For this specific panel we will need to right align the text, so that everything looks good when the names change. To do this, right click the text source we added and go to Transform > Edit Transform. Change the positional alignment to “Top Right”. We just need to position this to where we’d like it. Don’t forget that you can use the arrow keys for fine tuning with your positioning inside of OBS Studio.
If you prefer left aligned versions of these media files. You can also right click the media source, and go to Transform > Flip Horizontal to mirror the image. This will of course only work with the blank supporter sections – where you add in your own labels.
Adding in the HUD File
Finally, let’s finish setting up our animated Overwatch overlay by adding in the HUD file. It’s a very straight forward file that will be added as another media source. We can easily position this file at the top or bottom of the scene. To flip vertically if needed, you can right click the source and go to Transform > Flip Vertical. You can also use Reset Transform to return the file to its original size and orientation.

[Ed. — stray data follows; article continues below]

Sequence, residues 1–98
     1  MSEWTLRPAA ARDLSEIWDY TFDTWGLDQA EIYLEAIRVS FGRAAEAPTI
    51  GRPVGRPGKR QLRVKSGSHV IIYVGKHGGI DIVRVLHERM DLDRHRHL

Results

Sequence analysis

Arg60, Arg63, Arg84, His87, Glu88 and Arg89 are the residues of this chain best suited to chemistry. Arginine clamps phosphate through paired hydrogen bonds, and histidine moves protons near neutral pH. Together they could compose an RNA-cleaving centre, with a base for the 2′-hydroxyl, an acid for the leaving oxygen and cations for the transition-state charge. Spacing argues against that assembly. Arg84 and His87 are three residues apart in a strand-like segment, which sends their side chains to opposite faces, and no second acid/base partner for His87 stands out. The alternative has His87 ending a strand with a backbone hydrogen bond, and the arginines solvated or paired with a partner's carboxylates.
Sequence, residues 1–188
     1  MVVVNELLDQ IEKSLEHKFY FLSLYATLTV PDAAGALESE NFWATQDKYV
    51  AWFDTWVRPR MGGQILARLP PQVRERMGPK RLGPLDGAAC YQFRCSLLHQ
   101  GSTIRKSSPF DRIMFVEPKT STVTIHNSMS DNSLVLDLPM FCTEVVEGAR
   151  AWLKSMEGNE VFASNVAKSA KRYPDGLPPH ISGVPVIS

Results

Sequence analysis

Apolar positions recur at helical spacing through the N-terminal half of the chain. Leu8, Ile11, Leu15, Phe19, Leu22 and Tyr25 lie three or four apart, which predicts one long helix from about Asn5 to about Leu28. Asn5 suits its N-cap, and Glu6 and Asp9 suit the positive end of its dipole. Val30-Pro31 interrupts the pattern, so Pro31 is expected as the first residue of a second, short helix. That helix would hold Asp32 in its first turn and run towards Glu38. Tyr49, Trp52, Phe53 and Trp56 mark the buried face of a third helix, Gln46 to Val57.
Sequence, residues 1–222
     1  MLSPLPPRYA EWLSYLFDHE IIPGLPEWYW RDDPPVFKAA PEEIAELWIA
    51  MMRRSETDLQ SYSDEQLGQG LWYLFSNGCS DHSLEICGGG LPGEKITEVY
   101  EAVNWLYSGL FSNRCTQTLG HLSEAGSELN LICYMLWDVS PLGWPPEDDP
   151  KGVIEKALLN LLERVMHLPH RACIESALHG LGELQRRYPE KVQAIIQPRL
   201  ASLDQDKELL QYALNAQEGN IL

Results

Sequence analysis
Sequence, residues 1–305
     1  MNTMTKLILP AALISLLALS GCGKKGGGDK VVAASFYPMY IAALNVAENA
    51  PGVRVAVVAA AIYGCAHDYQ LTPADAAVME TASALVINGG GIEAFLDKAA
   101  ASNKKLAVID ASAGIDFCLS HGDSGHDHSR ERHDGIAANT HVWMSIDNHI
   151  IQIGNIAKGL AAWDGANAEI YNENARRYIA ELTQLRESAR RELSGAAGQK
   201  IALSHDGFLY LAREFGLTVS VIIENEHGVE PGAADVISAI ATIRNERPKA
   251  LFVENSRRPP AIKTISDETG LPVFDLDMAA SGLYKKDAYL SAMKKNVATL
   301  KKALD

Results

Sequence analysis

This file is sort of like a blank canvas, where you can put whatever you’d like in it. For example you could add in messages about your social media or even use it as your supporter section.
Customizing These Files
Let’s take a quick moment and discuss how to customize these files a bit. One of the big advantages of using OBS Studio is that we can add a filter on any source. If you don’t know about filters, check out my video that talks all about them. Let’s add a color correction filter on the HUD source file. For starters, we could do something like adding a high amount of contrast in the filter, to make the overlay appear a bit brighter against the game play.
We can even select a color and change the appearance to match your brand colors. Let’s say you play a lot of Reaper and you want your animated Overwatch overlay to look like dark smoke – you could choose a dark purple, and play around with the contrast and brightness to get a cool effect out of these files, and make them unique to your stream if you’d like.
I hope you all like this design – myself and Chris worked pretty hard to perfect small details about it. We also wanted to make sure we put it at as low of a price as possible. Purchasing this really helps support us in making new free resources in the future.